SAN FRANCISCO – Head coach Jason Kidd blamed the Dallas Mavericks’ one-dimensional attacking approach for their 19-point advantage in Friday’s 126-117 loss to the Golden State Warriors, criticizing his team for relying too much on the 3-point shot during the game. Game 2 of the Western Conference Finals.
The Mavs made 21 of 45 3-point attempts in the game, matching the third-largest 3-attempt made during a supplement loss in NBA history, according to ESPN Stats & Information research. But Kidd specifically cited Dallas’ pick to shoot in the third quarter, when the Mavs held 13 points and went 2 of 13 in 3s, as a major problem.
“When you go 2 against 13 and count on 3, you can die by 3,” Kidd said after the Warriors led 2-0 in the series. “And we died in the third quarter by shooting many 3 seconds and coming out with only two.”
The Mavs made it to the Western Conference Finals largely due to their prolific 3-point shot. They thrived with the Super Ranger Luka Doncic Organizes a five-a-side attack, with hunting and shooting reserve maxi clipper Playing much more than the starting minutes Dwight Powell In the center throughout the postseason. Dallas leads the league on 3-pointers (15.6 per game) and attempted (41.1) during these playoffs, shooting 37.9% from outside the arc.
In their Game 1 loss to the Warriors, the Mavs went to 11 of 48 from a 3-point span, but Kidd encouraged his team that night to keep taking an open look. The Mavs built their big lead at the Chase Center Friday night with a snappy shooting, as they were 15 of 27 from a 3-point range in the first inning. Then the well dried up in the third quarter, when the Warriors edged out the Mavs by 25-13.
“I mean, we’ve been getting a great look,” said the Muvs guard. Galen Bronson, who scored 31 points in 11 of 19 shots, including 5 of 7 from a 3-point range. “When we’re open, we’re going to shoot. We have a lot of players who can take shots and drop shots. So I think as long as we open the ball and shoot right, do the extra pass, when we do the things we do, we have confidence in everyone, I have confidence in everyone.” to overcome it.”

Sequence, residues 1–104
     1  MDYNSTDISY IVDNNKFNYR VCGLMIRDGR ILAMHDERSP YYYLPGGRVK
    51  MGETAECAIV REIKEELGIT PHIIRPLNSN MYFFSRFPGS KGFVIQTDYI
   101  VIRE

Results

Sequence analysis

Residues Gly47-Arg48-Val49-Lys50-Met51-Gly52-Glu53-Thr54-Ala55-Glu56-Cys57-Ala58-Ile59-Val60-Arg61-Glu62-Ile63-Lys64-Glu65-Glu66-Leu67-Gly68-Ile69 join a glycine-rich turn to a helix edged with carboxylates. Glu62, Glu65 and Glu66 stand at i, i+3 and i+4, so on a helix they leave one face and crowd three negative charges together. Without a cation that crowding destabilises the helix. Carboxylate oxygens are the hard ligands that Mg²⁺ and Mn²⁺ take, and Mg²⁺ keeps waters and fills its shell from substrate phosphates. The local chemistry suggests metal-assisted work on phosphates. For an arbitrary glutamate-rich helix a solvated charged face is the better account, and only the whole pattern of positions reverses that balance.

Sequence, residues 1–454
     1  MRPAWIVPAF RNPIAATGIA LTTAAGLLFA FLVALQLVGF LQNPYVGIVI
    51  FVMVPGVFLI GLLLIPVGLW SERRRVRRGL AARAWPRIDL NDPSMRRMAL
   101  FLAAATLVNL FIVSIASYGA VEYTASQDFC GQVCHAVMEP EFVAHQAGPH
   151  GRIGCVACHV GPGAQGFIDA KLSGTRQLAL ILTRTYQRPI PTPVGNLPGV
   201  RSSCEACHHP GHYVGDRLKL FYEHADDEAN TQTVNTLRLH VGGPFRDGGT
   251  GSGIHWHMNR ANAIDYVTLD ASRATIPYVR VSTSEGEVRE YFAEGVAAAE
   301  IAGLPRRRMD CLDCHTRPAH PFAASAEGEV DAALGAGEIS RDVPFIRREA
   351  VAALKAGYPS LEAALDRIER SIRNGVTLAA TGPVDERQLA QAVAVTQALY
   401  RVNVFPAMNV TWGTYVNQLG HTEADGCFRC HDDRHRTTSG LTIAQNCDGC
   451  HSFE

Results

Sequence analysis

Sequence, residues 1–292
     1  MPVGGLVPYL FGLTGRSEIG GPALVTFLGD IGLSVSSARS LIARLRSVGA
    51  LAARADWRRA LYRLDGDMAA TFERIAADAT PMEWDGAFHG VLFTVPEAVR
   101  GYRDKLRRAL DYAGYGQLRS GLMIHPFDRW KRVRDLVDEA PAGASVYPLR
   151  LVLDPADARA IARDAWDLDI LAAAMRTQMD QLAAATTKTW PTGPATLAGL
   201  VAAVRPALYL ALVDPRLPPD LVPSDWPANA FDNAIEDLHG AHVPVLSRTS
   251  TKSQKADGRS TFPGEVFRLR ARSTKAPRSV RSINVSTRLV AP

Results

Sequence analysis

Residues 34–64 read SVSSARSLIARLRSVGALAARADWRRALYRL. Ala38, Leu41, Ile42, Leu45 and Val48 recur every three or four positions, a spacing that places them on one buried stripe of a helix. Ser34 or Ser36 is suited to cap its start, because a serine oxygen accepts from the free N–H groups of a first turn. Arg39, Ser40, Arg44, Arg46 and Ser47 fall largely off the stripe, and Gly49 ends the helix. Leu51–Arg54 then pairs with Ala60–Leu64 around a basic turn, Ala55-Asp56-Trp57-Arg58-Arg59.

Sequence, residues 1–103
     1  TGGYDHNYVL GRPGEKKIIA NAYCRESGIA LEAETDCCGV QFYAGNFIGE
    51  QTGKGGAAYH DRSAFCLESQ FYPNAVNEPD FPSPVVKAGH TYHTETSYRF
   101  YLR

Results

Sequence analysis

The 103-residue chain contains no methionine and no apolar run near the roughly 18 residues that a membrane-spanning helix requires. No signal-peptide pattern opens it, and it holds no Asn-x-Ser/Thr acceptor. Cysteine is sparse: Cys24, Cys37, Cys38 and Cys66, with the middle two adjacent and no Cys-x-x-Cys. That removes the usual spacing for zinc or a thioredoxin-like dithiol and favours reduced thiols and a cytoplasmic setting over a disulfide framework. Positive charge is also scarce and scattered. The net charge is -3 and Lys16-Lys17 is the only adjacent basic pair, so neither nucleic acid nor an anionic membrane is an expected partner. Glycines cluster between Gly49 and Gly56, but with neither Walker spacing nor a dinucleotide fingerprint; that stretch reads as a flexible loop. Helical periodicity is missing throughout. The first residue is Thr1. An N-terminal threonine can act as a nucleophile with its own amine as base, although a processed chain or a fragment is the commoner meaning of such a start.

But Kidd, who chose not to call a timeout while the Warriors ran in the third quarter, felt the Mavs needed to be more aggressive than dribbling when their jumpers stopped falling. Dallas was 3 of 6 on two 2-point attempts in the third quarter, and the Mavs only attempted four free throws despite being on the bonus in the last six minutes.
“If you make [3s]That’s cool, Kidd said, but you just have to understand, if you miss four in a row, you can’t take fifth. You have to do it. This puts a lot of pressure on yourself and your team because if you don’t stop at the other end, it will turn out to be an explosion.”
The Warriors were actually still two points behind at the end of the third quarter. Golden State didn’t make their debut until the reserve striker Otto Porter Jr..’s 3-pointer on the inaugural fourth-quarter possession. The dam broke for Dallas’ defense in the fourth, when the Warriors scored 43 points on 15 of 19 rebounds.
“We play in defense when we play in attack and we don’t play in defense when we can’t score,” Kidd said. “That’s something we have to improve at this time of year.”
Golden State, who scored six double-digit scorers led by Stephen Curry32 points, he dominated Dallas in scoring a difference of 62-30. Doncic finished with 42 points and eight assists, and went 12 of 23 from the floor and 5 of 10 in 3s.
It was the seventh 40-point playoff performance in the 23-year-old’s career, matching Dirk Nowitzki for the biggest performance in franchise history. But the Mavs are only 2-5 when Doncic scores 40 or more.
Doncic, as he did after two Phoenix Suns losses in the previous series, believes the Mavs made a mistake by not driving too often.
“We didn’t attack the paint very often,” Doncic said. “But we have to attack the paint more, as they did. They attack the paint a lot. They have two of the best shooters in the world, and they still attack the paint. So I think we have to rely less on a 3.”